Dixon v. Bentley et al

Filing 10

ORDER denying 6 Motion to enroll as class action lawsuit. Signed by Magistrate Judge Bert W. Milling, Jr on 4/4/2012. copy mailed to plaintiff (srr)

Download PDF
IN THE UNITED STATES DISTRICT COURT FOR THE SOUTHERN DISTRICT OF ALABAMA SOUTHERN DIVISION JESSE WAYNE DIXON, : Plaintiff, : vs. : ROBERT BENTLEY, et al., : Defendants. CIVIL ACTION 12-0041-CB-M : ORDER This action is before the Court on Plaintiff’s “Constitutional Violation Complaint Incorporating Motion to Enroll at a Class Action Lawsuit” (Doc. 6), construed as a motion for class certification. After consideration, the motion is DENIED. The party moving for class certification must satisfy the four elements for a class action contained in Rule 23(a) of the Federal Rules of Civil Procedure. 1551, 1556 (11th Cir. 1984). Gilchrist v. Bolger, 733 F.2d Rule 23(a) provides: One or more members of a class may sue or be sued as representative parties on behalf of all members only if (1) the class is so numerous that joinder of all members is impracticable, (2) there are questions of law or fact common to the class, (3) the claims or defenses of the representative parties are typical of the claims or defenses of the class, and (4) the representative parties will fairly and adequately protect the interests of the class. “These requirements are commonly referred to as the prerequisites of numerosity, commonality, typicality, and adequacy of representation. . . .” Franze v. Equitable Assurance, 296 F.3d 1250, 1253 (11th Cir. 2002) (quotation marks and citations omitted). All four elements must be satisfied in addition to one of the subparts of Rule 23(b). Kirkpatrick v. J. C. Bradford & Co., 827 F.2d 718, 721 n.2 (11th Cir.), cert. denied, 485 U.S. 959 (1988). It is unclear to the Court if Plaintiff is asserting that the class is made up of all inmates in the custody of the Alabama Department of Corrections or just those in the Baldwin County Jail. The Court notes that plaintiff is no longer in the Baldwin county Jail but is now at Mt. Meigs. In any event, Plaintiff has not addressed in his motion any of the four elements necessary for the granting of a class action. In addition, inasmuch as counsel for the class has not been identified, the Court deduces that plaintiff intends to represent the class. However, the Court observes that ordinarily a pro se litigant does not have the legal training and experience required to protect the interests of the class. Cotner v. Knight, 61 F.3d 915, 1995 WL 441408, at *15 (10th Cir. 2 1995) (unpublished).1 And the Court in a ' 1983 action is not under a duty to cure the lack of legal training by appointing counsel because appointment of counsel is not mandated by the Constitution in a civil case. Howard v. Dougan, 221 F.3d 1334, 2000 WL 876770, at *1 (6th Cir.) (unpublished), cert. denied, 532 U.S. 948 (2001). Even though plaintiff=s qualifications and experience are not before the Court, the Court is, nonetheless, of the opinion that plaintiff is not an exception to the general rule based on the pleadings that the Court has reviewed. See Oxendine v. Williams, 509 F.2d 1405, 1407 (4th Cir. 1975) (ruling that a pro se prisoner=s competence is too limited to represent the interests of others). Accordingly, plaintiff’s motion for class certification is DENIED. DONE this 4th day of April, 2012. s/BERT. W. MILLING, JR. UNITED STATES MAGISTRATE JUDGE 1 “Unpublished opinions are not considered binding precedent, but they may be cited as persuasive authority.” 11TH CIR. R. 36-2 (2005). 3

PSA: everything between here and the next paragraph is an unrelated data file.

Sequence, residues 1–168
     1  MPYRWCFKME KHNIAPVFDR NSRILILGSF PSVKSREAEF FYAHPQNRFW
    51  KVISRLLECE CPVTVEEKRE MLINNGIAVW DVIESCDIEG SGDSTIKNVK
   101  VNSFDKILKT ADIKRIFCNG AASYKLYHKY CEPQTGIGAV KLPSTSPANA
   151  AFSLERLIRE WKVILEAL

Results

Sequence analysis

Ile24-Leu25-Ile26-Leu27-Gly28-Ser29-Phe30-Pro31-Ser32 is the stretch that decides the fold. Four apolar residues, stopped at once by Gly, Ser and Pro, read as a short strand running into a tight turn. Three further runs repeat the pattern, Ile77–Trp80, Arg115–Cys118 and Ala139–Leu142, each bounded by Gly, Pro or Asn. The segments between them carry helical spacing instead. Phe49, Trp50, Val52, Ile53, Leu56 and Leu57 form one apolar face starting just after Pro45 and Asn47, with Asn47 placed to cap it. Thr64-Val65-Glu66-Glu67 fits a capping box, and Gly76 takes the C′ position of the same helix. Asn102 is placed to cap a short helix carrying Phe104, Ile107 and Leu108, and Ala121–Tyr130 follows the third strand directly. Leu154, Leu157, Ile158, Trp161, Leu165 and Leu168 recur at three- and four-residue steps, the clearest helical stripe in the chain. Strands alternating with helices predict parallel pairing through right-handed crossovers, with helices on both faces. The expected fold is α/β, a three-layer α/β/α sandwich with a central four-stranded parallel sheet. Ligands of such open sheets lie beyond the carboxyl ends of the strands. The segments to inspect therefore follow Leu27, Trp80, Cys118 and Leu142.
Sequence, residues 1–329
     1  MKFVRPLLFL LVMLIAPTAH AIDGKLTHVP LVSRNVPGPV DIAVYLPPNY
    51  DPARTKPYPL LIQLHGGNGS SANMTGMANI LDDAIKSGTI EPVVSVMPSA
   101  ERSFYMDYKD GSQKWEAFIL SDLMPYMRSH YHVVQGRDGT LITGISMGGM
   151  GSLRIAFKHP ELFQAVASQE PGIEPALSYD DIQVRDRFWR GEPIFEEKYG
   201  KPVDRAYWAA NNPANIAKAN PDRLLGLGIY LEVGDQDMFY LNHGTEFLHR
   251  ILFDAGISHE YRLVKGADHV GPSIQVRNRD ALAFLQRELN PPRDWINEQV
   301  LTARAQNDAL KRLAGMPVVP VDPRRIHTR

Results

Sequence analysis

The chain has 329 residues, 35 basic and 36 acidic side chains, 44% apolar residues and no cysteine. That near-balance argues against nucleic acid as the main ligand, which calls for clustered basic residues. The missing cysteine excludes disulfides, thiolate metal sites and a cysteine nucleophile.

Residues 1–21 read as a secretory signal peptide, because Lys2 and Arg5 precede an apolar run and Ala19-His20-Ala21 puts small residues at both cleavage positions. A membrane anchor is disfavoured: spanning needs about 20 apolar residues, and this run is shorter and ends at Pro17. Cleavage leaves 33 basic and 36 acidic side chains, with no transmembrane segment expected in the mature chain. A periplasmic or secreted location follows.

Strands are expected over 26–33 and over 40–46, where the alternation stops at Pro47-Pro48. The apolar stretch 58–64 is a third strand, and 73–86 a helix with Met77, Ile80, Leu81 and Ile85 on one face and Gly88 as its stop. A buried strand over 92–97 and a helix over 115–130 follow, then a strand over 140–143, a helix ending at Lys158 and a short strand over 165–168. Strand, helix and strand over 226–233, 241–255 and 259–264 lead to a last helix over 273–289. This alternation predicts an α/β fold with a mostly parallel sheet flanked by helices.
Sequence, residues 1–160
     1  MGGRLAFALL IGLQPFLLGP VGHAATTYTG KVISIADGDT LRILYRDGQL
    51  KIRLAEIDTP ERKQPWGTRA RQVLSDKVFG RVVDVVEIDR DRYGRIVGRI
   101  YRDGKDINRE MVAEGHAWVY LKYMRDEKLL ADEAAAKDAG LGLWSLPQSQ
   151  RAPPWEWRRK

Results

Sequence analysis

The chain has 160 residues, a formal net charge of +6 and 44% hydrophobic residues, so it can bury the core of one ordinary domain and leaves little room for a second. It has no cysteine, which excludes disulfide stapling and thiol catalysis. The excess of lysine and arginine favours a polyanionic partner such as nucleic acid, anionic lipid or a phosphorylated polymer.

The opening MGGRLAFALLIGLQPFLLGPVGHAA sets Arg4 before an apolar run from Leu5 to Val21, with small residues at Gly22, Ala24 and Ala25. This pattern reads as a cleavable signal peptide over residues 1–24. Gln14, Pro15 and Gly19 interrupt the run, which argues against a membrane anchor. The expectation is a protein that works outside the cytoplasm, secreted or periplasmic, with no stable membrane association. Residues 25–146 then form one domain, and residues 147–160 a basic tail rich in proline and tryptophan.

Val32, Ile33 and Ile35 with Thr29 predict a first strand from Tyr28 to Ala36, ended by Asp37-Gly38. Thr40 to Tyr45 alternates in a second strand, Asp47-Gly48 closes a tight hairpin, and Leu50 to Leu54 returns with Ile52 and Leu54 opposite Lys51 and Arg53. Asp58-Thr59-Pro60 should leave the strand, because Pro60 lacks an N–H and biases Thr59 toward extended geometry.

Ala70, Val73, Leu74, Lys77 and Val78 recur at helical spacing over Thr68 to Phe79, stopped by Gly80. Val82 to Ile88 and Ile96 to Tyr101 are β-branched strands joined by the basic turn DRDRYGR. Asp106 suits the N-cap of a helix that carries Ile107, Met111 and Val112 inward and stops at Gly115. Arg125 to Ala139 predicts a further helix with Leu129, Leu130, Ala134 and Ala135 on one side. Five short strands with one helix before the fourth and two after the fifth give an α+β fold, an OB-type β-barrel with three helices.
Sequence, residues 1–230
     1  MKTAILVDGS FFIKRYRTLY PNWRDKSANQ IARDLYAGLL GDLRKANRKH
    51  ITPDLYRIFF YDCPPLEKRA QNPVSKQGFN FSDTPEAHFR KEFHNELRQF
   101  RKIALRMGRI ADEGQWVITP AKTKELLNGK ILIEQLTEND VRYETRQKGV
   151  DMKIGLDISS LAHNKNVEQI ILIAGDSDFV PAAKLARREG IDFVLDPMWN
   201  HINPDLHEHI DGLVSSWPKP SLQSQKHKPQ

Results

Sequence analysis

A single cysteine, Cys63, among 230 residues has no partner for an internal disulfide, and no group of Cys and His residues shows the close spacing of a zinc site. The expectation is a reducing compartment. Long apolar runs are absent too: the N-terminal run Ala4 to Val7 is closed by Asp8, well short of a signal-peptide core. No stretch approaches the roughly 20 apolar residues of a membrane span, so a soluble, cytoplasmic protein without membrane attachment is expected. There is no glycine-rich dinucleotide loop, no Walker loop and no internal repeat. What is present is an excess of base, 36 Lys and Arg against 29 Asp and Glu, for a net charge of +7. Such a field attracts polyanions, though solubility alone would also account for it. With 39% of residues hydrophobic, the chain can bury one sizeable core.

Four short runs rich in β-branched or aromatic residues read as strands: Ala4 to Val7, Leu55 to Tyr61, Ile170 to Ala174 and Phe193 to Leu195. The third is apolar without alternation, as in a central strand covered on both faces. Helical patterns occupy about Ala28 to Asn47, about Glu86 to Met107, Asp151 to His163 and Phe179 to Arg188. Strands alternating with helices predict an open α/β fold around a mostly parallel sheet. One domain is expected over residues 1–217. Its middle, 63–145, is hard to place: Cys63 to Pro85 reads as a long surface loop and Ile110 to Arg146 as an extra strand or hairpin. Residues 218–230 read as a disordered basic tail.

Disclaimer: Justia Dockets & Filings provides public litigation records from the federal appellate and district courts. These filings and docket sheets should not be considered findings of fact or liability, nor do they necessarily reflect the view of Justia.

Why Is My Information Online?